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None Dare Call it Christmas

November 29, 2002

Trevor Matich

 

In "None Dare Call Them Redskins," we took a light-hearted look at the argument put forth by some who would ban team mascots that they deem offensive.

Well, like the gift that keeps on giving, the same ilk are turning their attention to another terribly offensive public manifestation--the term "Christmas."

It seems that since Jewish, Muslim, Buddhist, Hindu, Pagan, and atheist Americans aren't Christians, naming our nation's preeminent holiday after that faith's icon is exclusionary.  The argument being made is:  How we celebrate Christmas in our own homes is up to us, but we ought to change the holiday's name so as to make it more representative of all Americans.

After all, Americans of all faiths are equally deluged with the word "Christmas" this time of year, right?

So let's do it.  But let's be sure to include all of our holidays to be consistent...

Take Valentine's Day for example.  The very name represents the togetherness and love we share with our significant other.  But what about me?  I'm so single my head hurts.  Some people have no one with whom to share the deepest meaning of Valentine's Day.

So let's do like they want to do with Christmas.  Let lovers celebrate Valentine's Day any way they choose.   But let's change the public name so as to not constantly remind single people that they're left out.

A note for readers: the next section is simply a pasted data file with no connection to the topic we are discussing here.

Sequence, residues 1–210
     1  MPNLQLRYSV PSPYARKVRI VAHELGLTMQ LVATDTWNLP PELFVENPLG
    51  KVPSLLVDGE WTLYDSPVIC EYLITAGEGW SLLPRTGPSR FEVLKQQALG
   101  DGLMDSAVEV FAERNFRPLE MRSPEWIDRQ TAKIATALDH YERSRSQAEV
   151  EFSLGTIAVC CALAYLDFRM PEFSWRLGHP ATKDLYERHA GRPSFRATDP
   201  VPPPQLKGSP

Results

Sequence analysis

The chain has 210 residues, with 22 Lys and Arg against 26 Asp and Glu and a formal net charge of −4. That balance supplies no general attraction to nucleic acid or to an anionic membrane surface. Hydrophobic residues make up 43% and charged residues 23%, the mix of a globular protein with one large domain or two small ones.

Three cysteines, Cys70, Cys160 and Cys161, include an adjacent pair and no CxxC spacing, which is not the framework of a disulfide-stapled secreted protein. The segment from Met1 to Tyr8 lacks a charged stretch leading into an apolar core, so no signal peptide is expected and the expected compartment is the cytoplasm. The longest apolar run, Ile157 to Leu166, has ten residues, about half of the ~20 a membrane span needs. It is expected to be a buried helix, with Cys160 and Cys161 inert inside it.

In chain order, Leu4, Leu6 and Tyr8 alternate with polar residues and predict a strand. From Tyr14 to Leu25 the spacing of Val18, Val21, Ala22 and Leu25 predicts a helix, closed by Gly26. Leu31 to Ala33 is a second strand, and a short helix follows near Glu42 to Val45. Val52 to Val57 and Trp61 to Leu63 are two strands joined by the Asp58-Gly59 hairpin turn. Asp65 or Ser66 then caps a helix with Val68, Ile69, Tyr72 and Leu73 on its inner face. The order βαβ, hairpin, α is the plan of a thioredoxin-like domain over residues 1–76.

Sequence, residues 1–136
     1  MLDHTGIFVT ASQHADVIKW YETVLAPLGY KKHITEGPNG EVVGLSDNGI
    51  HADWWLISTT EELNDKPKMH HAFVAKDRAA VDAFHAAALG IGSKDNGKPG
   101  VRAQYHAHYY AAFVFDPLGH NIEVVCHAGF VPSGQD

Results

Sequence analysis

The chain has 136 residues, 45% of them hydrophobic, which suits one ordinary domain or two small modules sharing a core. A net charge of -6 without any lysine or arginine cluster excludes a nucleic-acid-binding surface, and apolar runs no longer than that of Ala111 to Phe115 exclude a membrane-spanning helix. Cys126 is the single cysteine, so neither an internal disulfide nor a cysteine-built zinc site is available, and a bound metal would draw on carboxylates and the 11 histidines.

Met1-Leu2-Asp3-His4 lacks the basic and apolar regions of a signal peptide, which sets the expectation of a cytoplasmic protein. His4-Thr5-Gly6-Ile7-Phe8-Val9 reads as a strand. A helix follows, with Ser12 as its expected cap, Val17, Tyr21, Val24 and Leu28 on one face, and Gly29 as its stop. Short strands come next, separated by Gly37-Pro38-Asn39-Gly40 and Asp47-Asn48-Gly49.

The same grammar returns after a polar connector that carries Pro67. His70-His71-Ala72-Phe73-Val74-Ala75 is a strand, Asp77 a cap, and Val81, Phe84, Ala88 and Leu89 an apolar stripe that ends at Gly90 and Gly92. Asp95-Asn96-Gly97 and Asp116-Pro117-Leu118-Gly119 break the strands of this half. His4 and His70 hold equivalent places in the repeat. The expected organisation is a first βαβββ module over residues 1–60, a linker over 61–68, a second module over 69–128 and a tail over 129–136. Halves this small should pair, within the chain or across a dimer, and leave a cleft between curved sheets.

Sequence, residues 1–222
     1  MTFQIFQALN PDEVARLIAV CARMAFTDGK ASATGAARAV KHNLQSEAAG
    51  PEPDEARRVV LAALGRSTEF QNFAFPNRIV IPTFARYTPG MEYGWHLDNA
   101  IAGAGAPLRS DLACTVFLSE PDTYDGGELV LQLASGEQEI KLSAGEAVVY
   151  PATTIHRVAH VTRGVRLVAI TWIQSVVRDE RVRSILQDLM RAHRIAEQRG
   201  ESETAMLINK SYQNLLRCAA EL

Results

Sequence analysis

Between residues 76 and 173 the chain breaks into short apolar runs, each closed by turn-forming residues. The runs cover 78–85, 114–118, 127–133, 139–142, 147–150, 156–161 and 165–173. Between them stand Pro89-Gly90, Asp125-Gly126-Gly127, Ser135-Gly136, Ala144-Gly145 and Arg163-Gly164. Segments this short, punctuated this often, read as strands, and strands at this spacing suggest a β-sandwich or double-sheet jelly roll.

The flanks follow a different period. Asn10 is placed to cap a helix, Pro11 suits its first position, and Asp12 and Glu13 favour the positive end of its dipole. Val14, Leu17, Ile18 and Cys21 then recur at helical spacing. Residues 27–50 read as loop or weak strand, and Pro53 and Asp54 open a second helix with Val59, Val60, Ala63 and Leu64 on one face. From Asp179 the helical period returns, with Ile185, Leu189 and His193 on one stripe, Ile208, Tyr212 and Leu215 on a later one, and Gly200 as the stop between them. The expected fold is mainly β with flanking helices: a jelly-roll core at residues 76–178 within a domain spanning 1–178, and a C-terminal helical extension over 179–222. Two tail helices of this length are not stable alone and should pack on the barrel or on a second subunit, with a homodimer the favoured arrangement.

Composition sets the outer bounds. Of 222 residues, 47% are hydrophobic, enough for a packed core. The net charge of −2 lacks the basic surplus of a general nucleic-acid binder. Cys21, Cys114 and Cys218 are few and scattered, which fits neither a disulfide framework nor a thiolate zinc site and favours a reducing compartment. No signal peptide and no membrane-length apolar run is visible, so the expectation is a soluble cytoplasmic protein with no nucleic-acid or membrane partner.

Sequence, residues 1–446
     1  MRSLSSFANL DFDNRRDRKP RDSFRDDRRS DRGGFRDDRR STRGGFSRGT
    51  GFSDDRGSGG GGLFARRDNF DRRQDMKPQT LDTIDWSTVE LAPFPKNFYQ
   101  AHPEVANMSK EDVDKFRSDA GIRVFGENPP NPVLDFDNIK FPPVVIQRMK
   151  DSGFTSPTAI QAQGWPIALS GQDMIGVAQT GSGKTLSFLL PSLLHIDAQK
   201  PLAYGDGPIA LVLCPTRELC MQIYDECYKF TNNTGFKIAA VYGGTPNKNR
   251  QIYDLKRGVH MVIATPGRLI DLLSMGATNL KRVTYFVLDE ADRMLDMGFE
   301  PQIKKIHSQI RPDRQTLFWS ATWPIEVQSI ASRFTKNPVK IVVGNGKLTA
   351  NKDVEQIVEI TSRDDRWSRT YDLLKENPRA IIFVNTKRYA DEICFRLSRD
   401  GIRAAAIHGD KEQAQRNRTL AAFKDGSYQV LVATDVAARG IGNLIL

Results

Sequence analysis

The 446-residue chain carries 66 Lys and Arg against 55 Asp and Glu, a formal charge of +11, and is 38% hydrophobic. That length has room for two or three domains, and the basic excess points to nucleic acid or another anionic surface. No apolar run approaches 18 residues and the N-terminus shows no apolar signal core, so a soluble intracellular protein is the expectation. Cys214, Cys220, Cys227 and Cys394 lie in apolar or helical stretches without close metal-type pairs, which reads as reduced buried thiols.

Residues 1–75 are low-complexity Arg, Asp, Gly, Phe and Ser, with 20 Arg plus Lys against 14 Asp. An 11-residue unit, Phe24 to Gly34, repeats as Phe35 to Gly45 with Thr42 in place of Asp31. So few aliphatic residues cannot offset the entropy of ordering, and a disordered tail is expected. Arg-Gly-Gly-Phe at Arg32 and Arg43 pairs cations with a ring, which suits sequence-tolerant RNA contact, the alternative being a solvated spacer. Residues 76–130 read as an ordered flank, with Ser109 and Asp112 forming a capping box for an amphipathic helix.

How about we call it "Humans' Day?"  That way we include everybody.

Same with New Year's Day.  Chinese New Year certainly isn't on January first.  We can still celebrate it, but let's not confuse schoolchildren of great heritages that may have a different calendar.  Let's see, what shall we call it?

Well, how about we call it "Humans' Day" too?  That seems pretty safe.

Of course there's Saint Patrick's Day.  But I'm not Irish; are you?  Let's change the name so Serbs like me aren't constantly reminded we're not Irish.  Let's see, what shall we call it...

We have room in our hearts for another "Humans' Day," right?  Hey, we're on a roll.

If this seems a little ridiculous, you need to wake up and realize you're not very humanistic.  What do you have against humans, anyway?  After all, we can still assign to these holidays whatever personal meaning we wish.  But let's not force others to read from every headline and hear from every broadcast holiday titles that they may not relate to.   

Or, at least, that seems to be the argument of those who would change the name of "Christmas."

Now, for those who think this whole argument is silly, you're right.  Each of our holidays--from Mother's Day to Memorial Day to Independence Day--celebrates something, but in so doing doesn't celebrate everything.  The only way around that is to celebrate all things on each and every holiday.  Which is, of course, absurd.

Maybe a good compromise would be the creation of an entirely new holiday:  "Owie My Feelings Might Get Hurt Sometimes Day."  It's a bit cumbersome, but we could call it "Owie Day" for short.

So let's close with the last stanza of our proposed new, politically correct version of Major Henry Livingston Jr.'s classic, "'Twas the Night Before Christmas."

"He sprang to his sleigh, to his team gave a whistle,
And away they all flew like the down of a thistle.
But I heard him exclaim, ere he drove out of sight,
'Merry Humans' Day to all, and to all a good night!'"

 

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